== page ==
Quantum explosion in the industry: Google’s new new quantum computer is 47 years ahead of its time
Google’s quantum computer surpasses the most powerful modern devices, but only within the walls of the laboratory.
Google developed a quantum computer capable of instantly performing calculations that would take the best existing supercomputers 47 years to complete. The article by Google researchers claims that the company’s technology is “beyond the capabilities of existing classical supercomputers.”
Adherents of quantum computers argue that technology based on the unusual states of quantum physics can create incredibly powerful machines that can fight climate change and create innovative drugs. However, quantum systems also threaten to undermine current encryption systems, making them a national security priority.
In 2019, Google said it was the first company to achieve “quantum supremacy,” the point at which quantum computers outperform existing machines. This was then disputed by competitors who claimed that Google was exaggerating the difference between its machine and traditional supercomputers.
Google Quantum Computer
Now Google has developed a more powerful device that aims to end the debate about the capabilities of quantum supercomputers. In 2019, the Google machine had 53 qubits, and the presented computer has 70 qubits. Adding more qubits exponentially increases the power of a quantum computer – the new machine is 241 million times more powerful than the 2019 machine.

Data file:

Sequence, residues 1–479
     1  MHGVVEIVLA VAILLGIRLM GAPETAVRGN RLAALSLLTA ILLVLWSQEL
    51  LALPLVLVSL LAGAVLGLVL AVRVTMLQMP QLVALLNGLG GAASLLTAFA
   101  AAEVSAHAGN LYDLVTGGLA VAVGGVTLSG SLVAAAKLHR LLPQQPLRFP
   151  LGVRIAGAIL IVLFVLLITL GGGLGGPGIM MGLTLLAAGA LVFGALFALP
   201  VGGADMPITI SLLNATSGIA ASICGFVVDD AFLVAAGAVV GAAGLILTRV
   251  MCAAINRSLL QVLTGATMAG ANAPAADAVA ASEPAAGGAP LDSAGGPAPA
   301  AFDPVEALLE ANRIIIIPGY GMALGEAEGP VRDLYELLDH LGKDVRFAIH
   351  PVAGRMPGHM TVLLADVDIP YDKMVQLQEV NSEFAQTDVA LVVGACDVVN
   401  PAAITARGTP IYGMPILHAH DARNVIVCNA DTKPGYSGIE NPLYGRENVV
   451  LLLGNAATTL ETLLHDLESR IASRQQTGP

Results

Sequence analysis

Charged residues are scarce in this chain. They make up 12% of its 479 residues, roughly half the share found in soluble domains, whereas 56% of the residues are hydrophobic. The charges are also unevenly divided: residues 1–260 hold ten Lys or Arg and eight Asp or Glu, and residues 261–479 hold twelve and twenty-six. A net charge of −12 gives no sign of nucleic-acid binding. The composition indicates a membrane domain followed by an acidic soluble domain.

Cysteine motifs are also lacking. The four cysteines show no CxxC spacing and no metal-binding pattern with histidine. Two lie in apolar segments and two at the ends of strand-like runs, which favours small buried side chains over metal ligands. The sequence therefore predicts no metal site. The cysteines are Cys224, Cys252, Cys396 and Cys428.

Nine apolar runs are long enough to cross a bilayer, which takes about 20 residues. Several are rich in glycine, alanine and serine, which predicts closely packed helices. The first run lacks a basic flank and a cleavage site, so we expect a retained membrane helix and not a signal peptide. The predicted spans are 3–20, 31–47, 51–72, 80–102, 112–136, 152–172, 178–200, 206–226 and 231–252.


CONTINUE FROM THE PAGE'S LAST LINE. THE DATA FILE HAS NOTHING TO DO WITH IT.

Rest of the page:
The researchers said the world-leading Frontier supercomputer would take 6.18 seconds to match that of Google’s 2019 53-qubit computer. In comparison, the Frontier computer will take 47.2 years to match the new Google computer. The researchers also claim that their new quantum computer is more powerful than the demonstrations from the Chinese lab, which is considered a leader in this field. Their demonstration is in a field that goes beyond classical quantum computing, the scientists say.
Google’s large quantum computer is able to control the “noise” – the interference that disturbs the fragile states in which qubits operate – and continue computing. Competing machines were measured on a random sampling problem, which critics consider favorable to quantum computers and of no practical value outside of academic study.
Sebastian Veidt, startup CEO Universal Quantum, stated that quantum computers need to demonstrate more practical features. Google has shown a very good demo of the quantum advantage. Despite being a great academic achievement, the algorithm used doesn’t really have practical applications in the real world.